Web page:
Last year at the Israel Independence Day Festival in Woodley Park, anti-disengagement activist Shifra Hastings of Los Angeles was clad all over in orange, the color of protest, right down to her painted fingernails. She tirelessly handed out free orange ribbons, bracelets and T-shirts — even orange soda — to passersby at her booth, speaking to them about the dangers of Israel’s planned, unilateral withdrawal from the Gaza Strip and northern Samaria.
Many festivalgoers were more than glad to take orange ribbons and free orange T-shirts, until there were unmistakable ripples of orange among the sea of people. She believed that she was helping to turn the tide; that people at the festival were influenced by her viewpoints, and that their responsiveness was more than just a desire for free giveaways. She was certain that the disengagement would never actualize.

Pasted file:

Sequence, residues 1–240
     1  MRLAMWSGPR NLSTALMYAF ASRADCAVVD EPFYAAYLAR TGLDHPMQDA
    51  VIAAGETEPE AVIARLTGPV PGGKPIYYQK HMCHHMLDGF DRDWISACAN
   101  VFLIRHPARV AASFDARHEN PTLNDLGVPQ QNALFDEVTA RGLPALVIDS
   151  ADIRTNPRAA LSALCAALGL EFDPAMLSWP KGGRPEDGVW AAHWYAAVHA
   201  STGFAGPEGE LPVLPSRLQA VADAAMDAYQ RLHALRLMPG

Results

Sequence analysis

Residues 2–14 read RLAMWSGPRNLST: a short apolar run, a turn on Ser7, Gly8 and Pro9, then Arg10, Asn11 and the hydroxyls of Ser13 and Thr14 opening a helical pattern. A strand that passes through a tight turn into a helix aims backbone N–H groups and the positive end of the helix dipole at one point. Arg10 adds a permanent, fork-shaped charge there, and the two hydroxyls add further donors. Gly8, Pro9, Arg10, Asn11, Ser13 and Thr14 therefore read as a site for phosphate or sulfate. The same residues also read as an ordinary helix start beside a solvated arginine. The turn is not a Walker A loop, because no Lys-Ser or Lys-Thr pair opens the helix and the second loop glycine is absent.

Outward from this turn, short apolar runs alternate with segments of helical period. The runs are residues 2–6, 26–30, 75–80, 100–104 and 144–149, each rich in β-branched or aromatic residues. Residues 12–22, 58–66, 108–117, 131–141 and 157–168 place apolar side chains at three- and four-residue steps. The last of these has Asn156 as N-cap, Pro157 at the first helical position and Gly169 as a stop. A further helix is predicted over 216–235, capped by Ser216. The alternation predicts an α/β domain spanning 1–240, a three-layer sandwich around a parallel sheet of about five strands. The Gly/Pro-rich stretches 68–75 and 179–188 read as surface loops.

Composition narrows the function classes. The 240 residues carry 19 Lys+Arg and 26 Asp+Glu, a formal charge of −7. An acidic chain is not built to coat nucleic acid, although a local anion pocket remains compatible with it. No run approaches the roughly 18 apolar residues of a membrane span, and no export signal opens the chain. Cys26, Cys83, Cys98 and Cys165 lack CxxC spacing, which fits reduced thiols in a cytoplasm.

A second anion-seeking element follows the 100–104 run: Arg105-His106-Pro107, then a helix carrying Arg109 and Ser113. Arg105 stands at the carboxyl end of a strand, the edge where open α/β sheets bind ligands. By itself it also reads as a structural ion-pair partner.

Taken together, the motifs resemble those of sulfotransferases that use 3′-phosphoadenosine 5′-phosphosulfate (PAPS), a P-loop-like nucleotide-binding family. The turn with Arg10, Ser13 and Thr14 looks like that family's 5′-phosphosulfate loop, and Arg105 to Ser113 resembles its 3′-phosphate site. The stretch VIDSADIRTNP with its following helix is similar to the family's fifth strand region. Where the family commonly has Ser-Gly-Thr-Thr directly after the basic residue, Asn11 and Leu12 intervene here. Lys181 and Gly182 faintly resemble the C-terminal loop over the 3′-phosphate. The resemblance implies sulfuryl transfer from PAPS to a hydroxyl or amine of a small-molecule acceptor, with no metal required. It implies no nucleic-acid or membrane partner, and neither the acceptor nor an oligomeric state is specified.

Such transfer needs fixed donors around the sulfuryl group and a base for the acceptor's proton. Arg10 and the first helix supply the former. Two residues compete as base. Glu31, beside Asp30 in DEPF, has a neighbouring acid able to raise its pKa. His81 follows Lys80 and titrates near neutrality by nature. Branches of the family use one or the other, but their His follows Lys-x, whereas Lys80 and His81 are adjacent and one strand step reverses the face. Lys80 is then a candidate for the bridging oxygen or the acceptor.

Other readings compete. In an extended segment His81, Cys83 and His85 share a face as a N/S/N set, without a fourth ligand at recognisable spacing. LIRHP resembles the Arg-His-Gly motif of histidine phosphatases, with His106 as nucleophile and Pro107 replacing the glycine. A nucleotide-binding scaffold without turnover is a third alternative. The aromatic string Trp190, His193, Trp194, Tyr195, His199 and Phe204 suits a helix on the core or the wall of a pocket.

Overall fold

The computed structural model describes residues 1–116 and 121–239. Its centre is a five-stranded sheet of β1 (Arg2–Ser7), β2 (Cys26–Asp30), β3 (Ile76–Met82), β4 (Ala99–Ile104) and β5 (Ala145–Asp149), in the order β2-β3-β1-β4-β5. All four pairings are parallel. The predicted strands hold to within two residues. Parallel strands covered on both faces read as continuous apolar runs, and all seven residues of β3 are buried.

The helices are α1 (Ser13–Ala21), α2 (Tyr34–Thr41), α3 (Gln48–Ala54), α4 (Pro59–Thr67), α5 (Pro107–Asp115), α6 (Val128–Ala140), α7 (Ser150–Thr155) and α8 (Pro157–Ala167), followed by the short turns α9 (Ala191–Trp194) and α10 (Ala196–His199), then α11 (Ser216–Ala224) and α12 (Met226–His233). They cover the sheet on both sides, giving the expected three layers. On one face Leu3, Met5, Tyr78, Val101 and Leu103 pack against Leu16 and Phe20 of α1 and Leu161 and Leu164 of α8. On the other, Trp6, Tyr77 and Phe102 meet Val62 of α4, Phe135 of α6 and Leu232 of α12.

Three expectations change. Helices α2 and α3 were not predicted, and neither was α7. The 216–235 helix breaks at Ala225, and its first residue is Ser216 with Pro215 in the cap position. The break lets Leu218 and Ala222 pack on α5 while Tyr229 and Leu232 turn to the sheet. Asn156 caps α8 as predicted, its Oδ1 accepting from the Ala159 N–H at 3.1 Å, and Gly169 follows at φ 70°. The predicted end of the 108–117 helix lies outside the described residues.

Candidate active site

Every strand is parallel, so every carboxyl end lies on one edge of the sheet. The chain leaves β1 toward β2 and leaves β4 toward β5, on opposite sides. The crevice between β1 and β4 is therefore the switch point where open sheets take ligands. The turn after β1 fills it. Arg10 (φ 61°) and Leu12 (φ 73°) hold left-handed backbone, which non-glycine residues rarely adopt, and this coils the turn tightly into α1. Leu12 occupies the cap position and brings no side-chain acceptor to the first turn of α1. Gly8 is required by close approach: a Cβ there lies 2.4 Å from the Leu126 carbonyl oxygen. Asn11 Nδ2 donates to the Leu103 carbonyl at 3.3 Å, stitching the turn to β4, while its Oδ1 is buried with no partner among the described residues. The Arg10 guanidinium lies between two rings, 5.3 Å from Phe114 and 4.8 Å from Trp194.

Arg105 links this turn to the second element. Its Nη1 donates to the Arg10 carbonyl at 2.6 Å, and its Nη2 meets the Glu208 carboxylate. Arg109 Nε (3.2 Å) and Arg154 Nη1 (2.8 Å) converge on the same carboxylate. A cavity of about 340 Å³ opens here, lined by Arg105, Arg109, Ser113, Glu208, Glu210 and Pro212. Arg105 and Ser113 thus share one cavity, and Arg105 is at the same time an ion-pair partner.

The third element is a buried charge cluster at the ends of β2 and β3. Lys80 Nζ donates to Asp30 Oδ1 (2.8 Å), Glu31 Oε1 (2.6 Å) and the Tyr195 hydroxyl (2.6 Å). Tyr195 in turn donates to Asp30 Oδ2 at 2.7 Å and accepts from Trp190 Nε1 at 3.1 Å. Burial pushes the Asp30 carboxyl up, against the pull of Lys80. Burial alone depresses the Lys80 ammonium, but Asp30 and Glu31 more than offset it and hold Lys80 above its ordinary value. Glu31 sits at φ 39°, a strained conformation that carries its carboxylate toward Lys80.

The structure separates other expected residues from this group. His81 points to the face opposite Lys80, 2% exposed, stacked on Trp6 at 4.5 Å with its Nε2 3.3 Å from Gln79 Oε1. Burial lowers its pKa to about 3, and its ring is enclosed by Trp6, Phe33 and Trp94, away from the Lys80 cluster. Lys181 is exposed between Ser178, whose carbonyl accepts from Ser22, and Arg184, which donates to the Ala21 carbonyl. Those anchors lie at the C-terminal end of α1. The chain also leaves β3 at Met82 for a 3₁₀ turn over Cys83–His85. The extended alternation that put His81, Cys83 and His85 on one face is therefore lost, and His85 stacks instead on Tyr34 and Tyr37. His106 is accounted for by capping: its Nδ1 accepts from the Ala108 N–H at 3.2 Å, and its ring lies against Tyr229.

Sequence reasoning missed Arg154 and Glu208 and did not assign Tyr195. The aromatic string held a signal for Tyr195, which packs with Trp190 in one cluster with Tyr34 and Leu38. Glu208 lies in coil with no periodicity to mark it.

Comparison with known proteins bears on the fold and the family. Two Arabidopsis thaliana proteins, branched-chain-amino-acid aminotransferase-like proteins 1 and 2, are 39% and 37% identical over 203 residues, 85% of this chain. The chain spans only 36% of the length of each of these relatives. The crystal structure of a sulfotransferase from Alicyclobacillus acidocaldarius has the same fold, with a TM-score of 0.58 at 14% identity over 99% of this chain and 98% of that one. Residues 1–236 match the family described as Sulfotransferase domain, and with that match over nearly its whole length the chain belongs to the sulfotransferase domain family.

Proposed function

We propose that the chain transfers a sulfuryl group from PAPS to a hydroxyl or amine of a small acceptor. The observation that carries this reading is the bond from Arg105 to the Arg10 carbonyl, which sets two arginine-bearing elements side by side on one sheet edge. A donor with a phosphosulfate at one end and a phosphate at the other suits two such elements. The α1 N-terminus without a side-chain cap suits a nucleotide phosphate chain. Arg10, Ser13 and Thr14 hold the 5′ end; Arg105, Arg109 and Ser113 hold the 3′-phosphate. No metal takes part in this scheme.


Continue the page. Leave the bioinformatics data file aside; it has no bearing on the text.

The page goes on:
This year Hastings has no booth. The disengagement happened on schedule in August. Now there’s an expectation of another “disengagement,” sometimes referred to as “convergence,” this time from portions of Judea and Samaria. But while Israeli Prime Minister Ehud Olmert has made this plan an integral part of his platform, nothing official has been announced, and the protest fervor here and in Israel has not yet fully recharged.
This year for the festival, Hastings is wearing three orange bracelets. She also found some orange ribbons on a “caution” sign, which she removed and tied to her purse. She wouldn’t have attended this year at all if not for some friends she wants to see.
“I feel different than I did a year ago. [Then] I felt hopeful,” says Hastings on the lawn at Woodley Park. “I really didn’t believe it would happen.”